Lake Region Mascot Debate

Lake Region Mascot Debate

On April 21st, 2021 a bill that is “An act relating to nondiscriminatory school branding (“”)”  was proposed and passed by the Vermont House of Representatives. This act made it required for schools to create a policy about their mascot by January 1st, 2022, and to review their mascot in depth to see if it is offensive to race, ethnicity, and customs. 

At Lake Region Union High School (LRUHS), we have a mascot called “Rowdy Ranger.” It is a Ranger in a coonskin hat who is a white male. If you don’t know about Rangers, some Rangers were harmless, and some of them (mostly the Rogers’ Rangers) were known to kill native people around New England. Rogers’ Rangers were created in 1756 by Great Britain and disbanded in 1760 (Wikipedia).  Although LRUHS is not in the Rogers’ Ranger region, Rogers’ Rangers used to span from the White Mountains to Lake Champlain. So, let us dig deeper into this mascot. 

Mr. Messier, the LRUHS principal, has been looking into this. In November, he got a first opinion from Lucy Neel, who served on the Vermont Commission on Native American Affairs. She said that the mascot would not be offensive to the native people. In December of 2022, he reached out to the Nulhegan Band of the Coosik tribal leader and educator, Don Stevens, who evaluated the coat of arms of LR and the Rowdy Ranger mascot. His conclusion was the same as Lucy’s. It should also be brought up that no tribe in Vermont is federally recognised, and the members of the Odanak First Nation, an Abenaki reserve in Quebec, is challenging whether or not Vermont’s tribal leaders are really native.  

Let’s talk about the coat of arms. On top, we have a Ranger with a coonskin hat, while inside we have mountains and a lake, a book with a torch, and oxen pulling a plow. Behind the coat of arms, there is an arrow, a musket, a tomahawk, and feathers. The tomahawk and feathers have been known to be used by indigenous people and are symbols of them. As these have been used to represent indigenous people, they have also been used offensively.  This means that there was some recognition of the native people, whether it was good or bad.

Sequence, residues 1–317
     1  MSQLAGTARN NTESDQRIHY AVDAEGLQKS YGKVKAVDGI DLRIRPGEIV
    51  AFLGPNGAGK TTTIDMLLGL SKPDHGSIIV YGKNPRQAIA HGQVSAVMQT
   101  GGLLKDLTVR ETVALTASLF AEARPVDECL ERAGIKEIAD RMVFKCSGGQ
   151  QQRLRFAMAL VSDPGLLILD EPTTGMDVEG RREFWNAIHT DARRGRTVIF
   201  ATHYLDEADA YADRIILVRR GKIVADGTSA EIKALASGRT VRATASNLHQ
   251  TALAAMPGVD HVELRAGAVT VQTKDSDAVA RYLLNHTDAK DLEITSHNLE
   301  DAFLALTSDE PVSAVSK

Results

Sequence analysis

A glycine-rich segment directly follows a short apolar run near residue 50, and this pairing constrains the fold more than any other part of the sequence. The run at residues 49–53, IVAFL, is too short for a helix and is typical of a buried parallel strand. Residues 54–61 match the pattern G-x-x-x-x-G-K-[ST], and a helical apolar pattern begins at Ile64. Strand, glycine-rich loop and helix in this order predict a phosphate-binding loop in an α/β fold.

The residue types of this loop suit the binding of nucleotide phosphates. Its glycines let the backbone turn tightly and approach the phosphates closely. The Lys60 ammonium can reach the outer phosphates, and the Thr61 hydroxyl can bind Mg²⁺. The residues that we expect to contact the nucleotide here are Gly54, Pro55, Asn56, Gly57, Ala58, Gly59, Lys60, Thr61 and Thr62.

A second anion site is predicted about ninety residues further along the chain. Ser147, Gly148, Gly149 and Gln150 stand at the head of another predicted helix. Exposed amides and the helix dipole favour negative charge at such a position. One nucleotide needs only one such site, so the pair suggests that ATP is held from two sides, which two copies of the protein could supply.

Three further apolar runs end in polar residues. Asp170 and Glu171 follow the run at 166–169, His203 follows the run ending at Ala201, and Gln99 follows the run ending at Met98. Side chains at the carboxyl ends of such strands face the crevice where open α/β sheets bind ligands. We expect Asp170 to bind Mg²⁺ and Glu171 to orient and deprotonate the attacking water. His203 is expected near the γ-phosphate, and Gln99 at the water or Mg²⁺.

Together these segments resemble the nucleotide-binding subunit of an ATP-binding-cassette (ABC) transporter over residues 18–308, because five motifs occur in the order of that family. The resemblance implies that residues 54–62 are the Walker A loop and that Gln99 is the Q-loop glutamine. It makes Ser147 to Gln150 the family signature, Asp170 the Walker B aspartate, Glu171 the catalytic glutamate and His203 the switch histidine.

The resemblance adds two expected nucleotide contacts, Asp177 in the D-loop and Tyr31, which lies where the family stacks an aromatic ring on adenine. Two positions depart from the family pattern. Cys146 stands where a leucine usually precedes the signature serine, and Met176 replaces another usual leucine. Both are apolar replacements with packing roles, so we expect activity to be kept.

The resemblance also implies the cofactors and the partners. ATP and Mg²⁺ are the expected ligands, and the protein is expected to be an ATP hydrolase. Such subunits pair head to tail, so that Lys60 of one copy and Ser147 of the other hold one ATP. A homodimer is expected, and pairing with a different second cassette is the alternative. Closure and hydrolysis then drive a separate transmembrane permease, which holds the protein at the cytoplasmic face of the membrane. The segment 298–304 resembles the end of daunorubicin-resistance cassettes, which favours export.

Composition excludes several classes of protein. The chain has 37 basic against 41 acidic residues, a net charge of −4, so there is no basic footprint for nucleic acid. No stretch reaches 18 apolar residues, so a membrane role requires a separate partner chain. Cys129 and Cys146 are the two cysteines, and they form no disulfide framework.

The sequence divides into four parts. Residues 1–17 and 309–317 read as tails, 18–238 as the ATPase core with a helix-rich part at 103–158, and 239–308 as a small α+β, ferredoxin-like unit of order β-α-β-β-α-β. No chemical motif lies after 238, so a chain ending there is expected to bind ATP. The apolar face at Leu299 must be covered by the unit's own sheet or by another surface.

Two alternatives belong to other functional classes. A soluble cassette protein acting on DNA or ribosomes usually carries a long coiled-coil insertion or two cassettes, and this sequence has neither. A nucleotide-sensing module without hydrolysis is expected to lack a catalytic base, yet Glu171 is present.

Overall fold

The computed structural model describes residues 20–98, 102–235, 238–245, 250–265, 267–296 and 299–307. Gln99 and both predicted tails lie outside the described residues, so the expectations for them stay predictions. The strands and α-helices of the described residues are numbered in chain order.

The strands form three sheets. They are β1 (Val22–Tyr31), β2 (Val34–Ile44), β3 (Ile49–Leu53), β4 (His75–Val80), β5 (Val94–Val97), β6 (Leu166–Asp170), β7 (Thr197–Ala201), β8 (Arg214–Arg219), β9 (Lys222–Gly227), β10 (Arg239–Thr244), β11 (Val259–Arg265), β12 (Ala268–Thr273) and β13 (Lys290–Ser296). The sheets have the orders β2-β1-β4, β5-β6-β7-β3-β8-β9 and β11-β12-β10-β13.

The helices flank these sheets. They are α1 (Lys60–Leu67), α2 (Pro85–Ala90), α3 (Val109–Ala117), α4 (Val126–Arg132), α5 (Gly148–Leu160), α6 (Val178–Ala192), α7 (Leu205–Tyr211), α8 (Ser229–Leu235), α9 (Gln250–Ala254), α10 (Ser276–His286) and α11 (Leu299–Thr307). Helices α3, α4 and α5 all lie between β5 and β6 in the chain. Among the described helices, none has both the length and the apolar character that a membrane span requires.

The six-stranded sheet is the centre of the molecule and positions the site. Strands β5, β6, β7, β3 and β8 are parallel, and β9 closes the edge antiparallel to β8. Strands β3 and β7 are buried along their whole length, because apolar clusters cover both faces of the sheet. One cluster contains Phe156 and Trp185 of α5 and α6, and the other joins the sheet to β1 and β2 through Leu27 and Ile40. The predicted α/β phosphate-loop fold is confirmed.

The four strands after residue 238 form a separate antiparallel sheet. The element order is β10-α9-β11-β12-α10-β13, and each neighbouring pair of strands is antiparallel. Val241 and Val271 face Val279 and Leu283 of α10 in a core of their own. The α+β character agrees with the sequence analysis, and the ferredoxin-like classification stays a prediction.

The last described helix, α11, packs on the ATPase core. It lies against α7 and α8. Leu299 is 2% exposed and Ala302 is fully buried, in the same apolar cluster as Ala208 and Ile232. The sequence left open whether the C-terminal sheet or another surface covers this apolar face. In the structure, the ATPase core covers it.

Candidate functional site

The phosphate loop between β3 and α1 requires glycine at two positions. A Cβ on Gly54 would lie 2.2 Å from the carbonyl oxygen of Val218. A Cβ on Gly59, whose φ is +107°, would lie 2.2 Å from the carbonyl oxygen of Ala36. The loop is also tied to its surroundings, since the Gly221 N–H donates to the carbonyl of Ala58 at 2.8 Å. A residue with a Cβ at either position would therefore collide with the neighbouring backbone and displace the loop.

So this case is almost solved, as the native people around LRUHS approve and the mascot designer (who Mr. Messier cannot find) recognized native people through symbolism in the coat of arms. I reached out to our superintendent Penny Chamberlain multiple times with some questions about what the district has done to comply with the new law. She responded that she would follow up with answers, but as of this writing, still has not. I also looked on the OCSU and LRUHS websites under the policy section and there is no policy about any mascots as of the beginning of February. As long as the state approves the policy that Mr. Messier and Ms. Chamberlin are writing with the school board, Lake Region is all set. Nonetheless, this topic of the LR Mascot is something that may be talked about in the future.

One more thing that can be addressed is the set of mascots for Orleans Central Supervisory Union (OCSU) K-8 schools. The K-8 schools of OCSU do not have a policy governing mascots on their website. I also talked to Jessica Thomas, the principal of Albany Community School, and she said that she had no idea that this was a law, and she was not aware of it. This is a problem and should be discussed at an upcoming school board meeting. 

If you are unfamiliar with the OCSU K-8 school board system, there is a single school board governing all K-8 schools within LRUEMSD. They are the Jurisdictions for all seven schools. This act that was passed has made it so that every school must have a policy, so it would not be an OCSU policy, but a Brownington policy, Albany policy, etc, and all other schools. But there may be an exception to be made.